With wooden ceilings and a lot of homey details, the restaurant is a warm and welcoming space. How did traveling Spain influence the restaurant's design?
I took a lot of the design of this place from San Sebastian. The storefront of Morcilla is a very standard front to any tapas bar there. The font that we have is the specific Basque font; every sign in San Sebastian is in that same font. The little cross part of our logo is called a lauburu, and that is the symbol of San Sebastian. There are four parts of the lauburu -- life, spirit, consciousness, and form.
I did the design with my friend Brandon Masi, who owns a company called Mitre Box. Everything you see, he and I did. I want to feel like I’m at home. I don’t want to feel like I’m in an art gallery. Before anyone gets anything in their mouth, I want them walk in and think, ‘Oh wow, this place looks nice.’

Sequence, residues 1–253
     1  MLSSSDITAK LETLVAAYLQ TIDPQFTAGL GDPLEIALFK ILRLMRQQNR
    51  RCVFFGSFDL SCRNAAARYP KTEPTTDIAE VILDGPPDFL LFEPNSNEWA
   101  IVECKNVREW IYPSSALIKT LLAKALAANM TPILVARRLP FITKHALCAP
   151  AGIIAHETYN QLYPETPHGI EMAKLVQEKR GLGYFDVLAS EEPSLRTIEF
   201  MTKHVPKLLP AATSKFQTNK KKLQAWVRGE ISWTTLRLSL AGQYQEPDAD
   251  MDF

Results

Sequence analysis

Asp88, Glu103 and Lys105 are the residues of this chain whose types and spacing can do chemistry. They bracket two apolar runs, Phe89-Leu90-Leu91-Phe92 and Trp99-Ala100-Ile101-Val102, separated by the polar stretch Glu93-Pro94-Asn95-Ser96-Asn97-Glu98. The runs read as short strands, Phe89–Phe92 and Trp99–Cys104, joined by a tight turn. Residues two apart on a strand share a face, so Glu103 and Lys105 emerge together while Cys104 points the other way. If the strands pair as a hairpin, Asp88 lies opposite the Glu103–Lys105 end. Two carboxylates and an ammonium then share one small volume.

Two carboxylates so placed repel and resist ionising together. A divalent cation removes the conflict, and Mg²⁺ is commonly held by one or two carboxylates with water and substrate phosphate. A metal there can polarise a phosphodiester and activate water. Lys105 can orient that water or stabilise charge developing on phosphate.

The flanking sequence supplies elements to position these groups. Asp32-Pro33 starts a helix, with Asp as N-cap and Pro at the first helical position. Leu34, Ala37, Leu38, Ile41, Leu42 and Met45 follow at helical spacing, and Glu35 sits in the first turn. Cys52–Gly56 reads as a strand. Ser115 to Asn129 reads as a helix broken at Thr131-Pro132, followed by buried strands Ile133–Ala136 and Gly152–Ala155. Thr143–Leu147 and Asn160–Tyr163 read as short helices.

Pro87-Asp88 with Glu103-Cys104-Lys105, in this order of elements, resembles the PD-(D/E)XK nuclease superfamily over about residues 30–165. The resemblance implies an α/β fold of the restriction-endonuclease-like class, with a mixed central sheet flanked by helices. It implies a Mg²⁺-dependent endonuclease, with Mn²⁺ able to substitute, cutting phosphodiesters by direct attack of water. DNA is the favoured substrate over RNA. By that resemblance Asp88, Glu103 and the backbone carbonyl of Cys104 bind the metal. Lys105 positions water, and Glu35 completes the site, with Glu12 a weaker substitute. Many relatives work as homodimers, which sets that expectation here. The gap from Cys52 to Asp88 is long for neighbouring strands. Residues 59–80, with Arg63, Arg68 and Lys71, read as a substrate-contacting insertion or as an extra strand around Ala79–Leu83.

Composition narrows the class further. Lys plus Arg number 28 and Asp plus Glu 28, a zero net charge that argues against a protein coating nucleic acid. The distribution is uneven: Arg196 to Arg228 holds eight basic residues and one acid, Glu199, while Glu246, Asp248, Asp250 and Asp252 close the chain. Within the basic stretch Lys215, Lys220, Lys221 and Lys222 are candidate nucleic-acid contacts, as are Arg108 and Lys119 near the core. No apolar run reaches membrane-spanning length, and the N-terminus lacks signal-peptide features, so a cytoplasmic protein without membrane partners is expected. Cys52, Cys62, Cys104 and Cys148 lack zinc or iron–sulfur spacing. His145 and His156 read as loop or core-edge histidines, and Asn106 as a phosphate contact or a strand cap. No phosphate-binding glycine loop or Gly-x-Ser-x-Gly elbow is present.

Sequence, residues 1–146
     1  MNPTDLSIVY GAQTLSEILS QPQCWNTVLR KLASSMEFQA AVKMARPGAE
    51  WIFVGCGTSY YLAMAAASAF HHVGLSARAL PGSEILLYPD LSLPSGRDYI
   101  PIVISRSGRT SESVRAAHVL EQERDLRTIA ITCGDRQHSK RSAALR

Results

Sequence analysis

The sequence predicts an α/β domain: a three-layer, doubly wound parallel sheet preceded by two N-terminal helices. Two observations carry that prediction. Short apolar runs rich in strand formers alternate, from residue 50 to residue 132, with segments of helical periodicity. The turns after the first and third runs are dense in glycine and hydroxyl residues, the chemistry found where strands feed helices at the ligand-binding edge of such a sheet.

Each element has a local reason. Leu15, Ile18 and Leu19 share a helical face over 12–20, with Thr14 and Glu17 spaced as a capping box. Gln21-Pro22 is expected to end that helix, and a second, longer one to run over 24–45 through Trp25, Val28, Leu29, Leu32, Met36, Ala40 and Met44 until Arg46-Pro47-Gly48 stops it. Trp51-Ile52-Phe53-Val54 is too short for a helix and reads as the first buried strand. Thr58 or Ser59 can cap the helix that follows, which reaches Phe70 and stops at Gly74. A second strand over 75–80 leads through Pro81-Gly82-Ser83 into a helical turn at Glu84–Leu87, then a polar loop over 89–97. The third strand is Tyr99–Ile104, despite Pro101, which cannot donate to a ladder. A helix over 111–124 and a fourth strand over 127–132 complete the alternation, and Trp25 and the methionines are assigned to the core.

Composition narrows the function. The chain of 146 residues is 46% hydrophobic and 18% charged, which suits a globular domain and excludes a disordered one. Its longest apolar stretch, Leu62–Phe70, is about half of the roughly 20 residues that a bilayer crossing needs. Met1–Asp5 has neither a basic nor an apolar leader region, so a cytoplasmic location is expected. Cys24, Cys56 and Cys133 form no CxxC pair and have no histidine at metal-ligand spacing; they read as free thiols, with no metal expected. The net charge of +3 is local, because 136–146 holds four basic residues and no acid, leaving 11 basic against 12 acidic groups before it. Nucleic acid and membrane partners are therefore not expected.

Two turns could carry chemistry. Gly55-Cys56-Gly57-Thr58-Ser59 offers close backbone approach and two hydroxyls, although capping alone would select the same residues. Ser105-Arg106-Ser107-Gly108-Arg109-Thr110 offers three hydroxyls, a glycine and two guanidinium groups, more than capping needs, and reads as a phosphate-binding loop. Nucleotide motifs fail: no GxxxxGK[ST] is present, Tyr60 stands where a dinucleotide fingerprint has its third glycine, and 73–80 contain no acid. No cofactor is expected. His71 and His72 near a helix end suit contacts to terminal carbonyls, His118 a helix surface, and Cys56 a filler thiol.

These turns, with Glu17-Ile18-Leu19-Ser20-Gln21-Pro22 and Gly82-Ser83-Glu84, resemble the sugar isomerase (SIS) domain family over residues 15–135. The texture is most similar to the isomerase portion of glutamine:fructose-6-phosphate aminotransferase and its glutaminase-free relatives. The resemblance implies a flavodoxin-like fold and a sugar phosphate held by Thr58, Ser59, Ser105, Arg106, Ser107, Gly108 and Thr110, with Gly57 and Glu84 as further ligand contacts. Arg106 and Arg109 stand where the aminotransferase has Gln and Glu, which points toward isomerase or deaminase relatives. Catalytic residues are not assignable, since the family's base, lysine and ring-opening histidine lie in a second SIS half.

Pittsburgh already loves Cure. How does it differ from Morcilla?
Cure's a lot of different cultures. We play with Italy, Spain, France, North Africa, Morocco. We do Israeli food. We dip into the Alps. And that’s fun. But for the first time in my life, to have to actually focus on one thing has been really awesome. Part of what I love about cooking is the history of food and the cultures that the food comes from. The similarities are our dedication to buying quality ingredients and our dedication to our staff.
What are some of your favorite dishes at Morcilla?
There are some really rustic simple things I love, like our artichoke dish. We’re doing a version of baby back ribs. We also have a section of the menu for croquetas, featuring jamon, chestnut, and bacalao. It’s really fun to take these rustic fried balls and put them on the plate with interesting ingredients. The thing I love about Morcilla is how much food you can eat with your hands.